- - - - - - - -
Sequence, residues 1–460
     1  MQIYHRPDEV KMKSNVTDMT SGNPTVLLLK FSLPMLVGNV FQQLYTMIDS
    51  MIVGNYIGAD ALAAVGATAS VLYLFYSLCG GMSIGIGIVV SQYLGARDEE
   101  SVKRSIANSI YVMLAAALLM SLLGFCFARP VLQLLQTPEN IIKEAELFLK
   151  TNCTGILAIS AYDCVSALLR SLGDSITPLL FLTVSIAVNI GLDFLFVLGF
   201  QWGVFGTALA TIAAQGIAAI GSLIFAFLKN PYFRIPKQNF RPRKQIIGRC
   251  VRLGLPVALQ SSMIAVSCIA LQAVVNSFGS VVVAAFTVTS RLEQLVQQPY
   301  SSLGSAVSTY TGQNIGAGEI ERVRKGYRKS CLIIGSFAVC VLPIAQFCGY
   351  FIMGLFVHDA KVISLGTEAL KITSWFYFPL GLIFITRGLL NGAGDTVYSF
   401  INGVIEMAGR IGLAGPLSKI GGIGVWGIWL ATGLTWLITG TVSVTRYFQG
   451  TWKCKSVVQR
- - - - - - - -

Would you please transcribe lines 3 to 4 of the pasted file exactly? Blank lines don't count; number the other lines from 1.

    51  MIVGNYIGAD ALAAVGATAS VLYLFYSLCG GMSIGIGIVV SQYLGARDEE
   101  SVKRSIANSI YVMLAAALLM SLLGFCFARP VLQLLQTPEN IIKEAELFLK